Classical Localization of an Unbound Particle in a TwoDimensional Periodic Potential and Surface Diffusion


 Octavia Beasley
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1 revised 22 November 2000 Classical Localization of an Unbound Particle in a TwoDimensional Periodic Potential and Surface Diffusion Roger Haydock Department of Physics and Materials Science Institute University of Oregon, Eugene OR , USA Abstract In periodic, twodimensional potentials a classical particle might be expected to escape from any finite region if it has enough energy to escape from a single cell. However, for a class of sinusoidal potentials in which the barriers between neighboring cells can be varied, numerical tridiagonalization of Liouville's equation for the evolution of functions on phase space reveals a transition from localized to delocalized motion at a total energy significantly above that needed to escape from a single cell. It is argued that this purely elastic phenomenon increases the effective barrier for diffusion of atoms on crystalline surfaces and changes its temperature dependence at low temperatures when inelastic events are rare. PACS: Fx Diffusion; interface formation Mj Nonequilibrium kinetics a Computational methods in statistical physics and nonlinear dynamics 1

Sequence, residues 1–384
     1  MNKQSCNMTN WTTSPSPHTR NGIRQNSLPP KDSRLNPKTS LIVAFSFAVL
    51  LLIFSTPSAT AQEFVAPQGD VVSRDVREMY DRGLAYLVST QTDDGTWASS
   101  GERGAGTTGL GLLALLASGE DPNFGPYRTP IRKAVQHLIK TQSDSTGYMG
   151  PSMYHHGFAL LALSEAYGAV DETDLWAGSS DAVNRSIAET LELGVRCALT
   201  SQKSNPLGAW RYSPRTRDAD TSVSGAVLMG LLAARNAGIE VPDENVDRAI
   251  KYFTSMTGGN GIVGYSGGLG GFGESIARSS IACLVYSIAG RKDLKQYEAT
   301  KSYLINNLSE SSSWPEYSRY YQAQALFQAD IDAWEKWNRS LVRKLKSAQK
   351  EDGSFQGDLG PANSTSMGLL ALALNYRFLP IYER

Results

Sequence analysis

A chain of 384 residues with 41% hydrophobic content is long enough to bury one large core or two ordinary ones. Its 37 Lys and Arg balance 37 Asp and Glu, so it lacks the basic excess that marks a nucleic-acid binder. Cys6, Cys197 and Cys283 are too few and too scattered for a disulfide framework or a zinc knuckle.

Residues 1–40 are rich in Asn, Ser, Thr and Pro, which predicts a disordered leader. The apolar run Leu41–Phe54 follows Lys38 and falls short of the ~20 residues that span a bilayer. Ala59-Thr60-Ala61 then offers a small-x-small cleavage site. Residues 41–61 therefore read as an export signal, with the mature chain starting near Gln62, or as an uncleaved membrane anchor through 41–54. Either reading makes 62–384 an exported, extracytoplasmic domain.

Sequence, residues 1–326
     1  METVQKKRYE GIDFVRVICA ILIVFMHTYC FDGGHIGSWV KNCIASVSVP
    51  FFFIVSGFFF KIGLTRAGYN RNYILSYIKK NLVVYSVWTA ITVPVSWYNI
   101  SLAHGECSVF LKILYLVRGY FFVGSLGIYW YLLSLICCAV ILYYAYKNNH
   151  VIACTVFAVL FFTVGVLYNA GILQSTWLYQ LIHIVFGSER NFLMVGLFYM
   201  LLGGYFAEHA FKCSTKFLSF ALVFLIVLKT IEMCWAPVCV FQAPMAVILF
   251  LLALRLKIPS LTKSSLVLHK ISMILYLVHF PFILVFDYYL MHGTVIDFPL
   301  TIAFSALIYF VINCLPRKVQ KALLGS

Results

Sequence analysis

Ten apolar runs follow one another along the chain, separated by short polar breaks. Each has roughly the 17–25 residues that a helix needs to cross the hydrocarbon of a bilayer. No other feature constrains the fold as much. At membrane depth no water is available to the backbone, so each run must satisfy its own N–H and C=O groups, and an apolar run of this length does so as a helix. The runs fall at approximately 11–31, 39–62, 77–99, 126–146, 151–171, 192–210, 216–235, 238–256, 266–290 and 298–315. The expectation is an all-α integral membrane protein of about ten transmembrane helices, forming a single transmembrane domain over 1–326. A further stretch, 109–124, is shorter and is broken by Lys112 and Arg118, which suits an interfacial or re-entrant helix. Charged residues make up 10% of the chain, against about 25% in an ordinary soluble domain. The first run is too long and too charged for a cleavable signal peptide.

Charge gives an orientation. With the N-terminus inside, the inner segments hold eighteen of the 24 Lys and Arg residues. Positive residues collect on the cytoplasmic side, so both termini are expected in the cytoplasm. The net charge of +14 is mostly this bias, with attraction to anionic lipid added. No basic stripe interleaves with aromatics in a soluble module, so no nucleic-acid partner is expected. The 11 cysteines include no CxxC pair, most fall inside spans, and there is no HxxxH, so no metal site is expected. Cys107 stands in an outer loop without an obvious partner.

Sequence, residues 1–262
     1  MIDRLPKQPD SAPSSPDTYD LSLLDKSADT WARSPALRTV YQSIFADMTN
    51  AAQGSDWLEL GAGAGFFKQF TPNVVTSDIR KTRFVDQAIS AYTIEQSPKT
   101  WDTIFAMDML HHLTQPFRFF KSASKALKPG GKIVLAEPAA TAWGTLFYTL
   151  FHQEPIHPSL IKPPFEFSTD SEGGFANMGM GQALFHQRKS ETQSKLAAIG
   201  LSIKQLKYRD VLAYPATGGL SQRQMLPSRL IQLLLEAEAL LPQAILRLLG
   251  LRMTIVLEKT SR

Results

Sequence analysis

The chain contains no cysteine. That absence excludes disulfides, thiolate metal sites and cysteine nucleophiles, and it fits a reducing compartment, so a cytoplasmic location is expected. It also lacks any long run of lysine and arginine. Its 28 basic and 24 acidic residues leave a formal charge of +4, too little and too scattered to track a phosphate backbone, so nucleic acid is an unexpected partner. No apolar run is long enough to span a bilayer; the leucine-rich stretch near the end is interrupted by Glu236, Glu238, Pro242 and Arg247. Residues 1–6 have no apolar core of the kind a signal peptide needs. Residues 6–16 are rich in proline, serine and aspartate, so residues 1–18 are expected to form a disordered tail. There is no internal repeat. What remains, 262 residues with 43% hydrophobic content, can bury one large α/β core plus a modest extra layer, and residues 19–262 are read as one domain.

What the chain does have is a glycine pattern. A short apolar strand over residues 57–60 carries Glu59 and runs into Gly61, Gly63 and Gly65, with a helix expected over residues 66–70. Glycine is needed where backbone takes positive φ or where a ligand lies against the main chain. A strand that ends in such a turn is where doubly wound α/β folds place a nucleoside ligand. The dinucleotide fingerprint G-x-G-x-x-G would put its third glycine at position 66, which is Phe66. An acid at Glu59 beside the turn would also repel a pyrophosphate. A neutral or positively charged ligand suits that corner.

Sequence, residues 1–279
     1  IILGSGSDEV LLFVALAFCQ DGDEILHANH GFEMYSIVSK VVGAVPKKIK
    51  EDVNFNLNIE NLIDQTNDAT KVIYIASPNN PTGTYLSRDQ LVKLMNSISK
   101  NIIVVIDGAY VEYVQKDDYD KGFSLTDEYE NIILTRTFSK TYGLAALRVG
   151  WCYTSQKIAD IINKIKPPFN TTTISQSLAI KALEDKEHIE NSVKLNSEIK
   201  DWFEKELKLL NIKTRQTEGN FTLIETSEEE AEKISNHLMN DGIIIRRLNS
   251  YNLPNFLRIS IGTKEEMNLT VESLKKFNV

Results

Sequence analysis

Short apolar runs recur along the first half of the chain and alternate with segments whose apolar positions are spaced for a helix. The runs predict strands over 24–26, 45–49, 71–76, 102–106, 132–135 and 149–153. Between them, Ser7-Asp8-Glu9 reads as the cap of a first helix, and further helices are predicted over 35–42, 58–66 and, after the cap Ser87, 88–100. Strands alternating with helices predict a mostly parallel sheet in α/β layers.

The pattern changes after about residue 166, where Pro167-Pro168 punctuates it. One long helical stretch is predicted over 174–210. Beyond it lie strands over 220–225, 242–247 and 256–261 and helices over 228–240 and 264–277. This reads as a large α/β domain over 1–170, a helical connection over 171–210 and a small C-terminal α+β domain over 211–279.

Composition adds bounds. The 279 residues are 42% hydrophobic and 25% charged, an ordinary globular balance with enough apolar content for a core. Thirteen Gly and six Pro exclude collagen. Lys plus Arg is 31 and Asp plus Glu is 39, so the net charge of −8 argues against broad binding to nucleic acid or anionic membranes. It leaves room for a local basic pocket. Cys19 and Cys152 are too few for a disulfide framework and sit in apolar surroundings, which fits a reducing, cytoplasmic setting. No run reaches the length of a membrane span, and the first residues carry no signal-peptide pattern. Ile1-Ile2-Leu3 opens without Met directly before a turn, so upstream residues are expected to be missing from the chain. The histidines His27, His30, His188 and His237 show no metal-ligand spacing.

2 1. A Liouvillian Approach to Classical Mechanics The classical dynamics of solids is difficult to calculate because the forces are nonlinear, the many degrees of freedom are strongly coupled, and the timescales for macroscopic motion diverge from the vibrational periods of individual atoms. In this work, recent developments in the solution of Liouville's equation [1,2] are applied numerically to motion in a twodimensional elastic potential. The use of the Liouvillian operator to evolve functions rather than Newton's equations to evolve trajectories has the advantages that functions sample all of phase space rather than the infinitesimal fraction of it sampled by any finite number of trajectories, and that Liouville's equation is linear in contrast with the nonlinear equations for trajectories. Because of this linearity the problem can be attacked with a variety of reliable analytic and numerical methods. The methods applied in this work are based on the recursion method [3] for calculating projected densities of states in quantum mechanics. More generally, the recursion method is a way of calculating projected power spectra for linear wave equations of which Liouville's equation in classical mechanics is an example, see further Sec. 2. These methods have previously been applied to onedimensional systems [2], and to calculations of relaxation rates for some twodimensional systems [1]. While this approach is not limited to low dimensionality or few particles, the work presented here is part of a systematic exploration of classical dynamics in solids, in this case addressing the motion of adatoms on a crystalline surface. The first step in these calculations is tridiagonalization of Liouville's equation. Although tridiagonalization has a long history in physics and mathematics, a thorough understanding of the mathematical properties of tridiagonalization was achieved in the context of the classical moment problem [4]. Some noteworthy applications of tridiagonalization are the Lanczos method for solving the eigenproblem [5], Zwanzig's work in classical statistical mechanics [6], Mori's method for quantum statistical mechanics [7], and Risken's continued fraction method [8] for the FokkerPlanck equation. Recently Sinkovits and others [9] have applied tridiagonalization to anharmonic oscillators. The work presented in this paper differs from related work in statistical mechanics in that energy is conseved because there is no thermal averaging and consequently no particular temperature. This work also differs from related work in classical mechanics in that all forces are nonsingular, resulting in convergent continued fractions. The main result presented here is evidence of a localization transition for a particle in a twodimensional, periodic potential at a total energy well above the barrier between cells. This is surprising from the quantum perspective where all states are delocalized in periodic potentials according to Bloch's theorem [10]. While classical systems are known to undergo percolation transitions[11] when a random array of obstacles becomes so dense that there is no path through, 2